Carl Djerassi and the Methods of Scientific Education

djerassi

Carl Djerassi, who passed away on January 30, 2015 due to complications of liver and bone cancer, was a remarkable scientist, a talented author, and a friend of Linus Pauling.  The Austrian-born Bulgarian Jew was known as the father of the birth control pill and also developed antihistamines.  But the intersection of his knowledge of science and his talent for writing was perhaps the most fruitful element of his life.  His literature focused on the practice and production of science, but also served to bring the unique issues and concerns of the scientific community to a larger audience and to educate them on the basics of the science.

In addition to his formal scientific work, Djerassi was also a novelist and playwright, and he found the need to educate to be the most important aspect of his work in fiction.  Doing so in an effective manner naturally required skill and precise navigation so the reader or playgoer was not confused or bored.  In order to keep his audience entertained and focused, Djerassi believed it to be of utmost importance to maintain a story throughout the work; only then could he incorporate real science and realistic scientists as his characters.


the-pill

Djerassi’s approach was similar to that taken by Linus Pauling, who also placed great importance on the need for the general public to be educated about big issues in science. Indeed, the two men were colleagues for a time when Pauling was at Stanford University from 1969-1972, and they remained in contact outside of this affiliation.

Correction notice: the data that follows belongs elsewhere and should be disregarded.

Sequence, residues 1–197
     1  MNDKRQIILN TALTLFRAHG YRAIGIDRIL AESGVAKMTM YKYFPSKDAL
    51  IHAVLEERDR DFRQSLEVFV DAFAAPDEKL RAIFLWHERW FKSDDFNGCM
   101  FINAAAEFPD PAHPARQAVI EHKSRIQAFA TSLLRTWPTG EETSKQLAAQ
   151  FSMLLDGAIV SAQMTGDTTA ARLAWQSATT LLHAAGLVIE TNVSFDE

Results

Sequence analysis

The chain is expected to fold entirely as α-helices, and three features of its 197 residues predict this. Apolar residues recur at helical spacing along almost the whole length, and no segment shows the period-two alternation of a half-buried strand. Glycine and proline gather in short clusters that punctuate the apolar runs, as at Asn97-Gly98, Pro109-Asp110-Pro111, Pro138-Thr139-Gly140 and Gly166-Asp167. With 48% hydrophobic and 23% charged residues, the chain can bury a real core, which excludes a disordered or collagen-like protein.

In fact, Djerassi wrote to Pauling asking him to provide back matter for his autobiography, The Pill, Pygmy Chimps, and Degas’ Horse: the Remarkable Autobiography of the Award-winning Scientist Who Synthesized the Birth Control Pill, because he could think of no other chemist who was so well-known to the public.

Pauling was glad to serve in this capacity, noting in a letter that he “found the first few pages of [the] autobiography so interesting that for two days I neglected my work in order to read the book from beginning to end.” Although Pauling enjoyed the book’s discussion of Djerassi’s work on The Pill, “even more interesting [were] the chapters on his adventure-filled life, the Pugwash movement, and other aspects of world affairs, the problem of continually increasing population, and other aspects of the world of today.”

At various point throughout his book, Djerassi likewise aligned himself with an ideology similar to Pauling’s. In the introduction, Djerassi wrote that

scientists are not necessarily narrow specialists, communicating in an incomprehensible language and dealing in the cloistered ambiance of their laboratories with subjects far removed from everyday concerns…they can be as widely curious, and as self-centeredly imperfect, as scholars and thinkers in any intellectual endeavor and, at the same time, involve themselves with burning social issues.

This emphasis on the need for scientists to participate in social issues beyond their professional interests is central to understanding what both Djerassi and Pauling chose to write about and how they presented their ideas to the public.


Flyer for "Oxygen," a play written by Carl Djerassi and Roald Hoffmann.

Flyer for “Oxygen,” a play written by Carl Djerassi and Roald Hoffmann.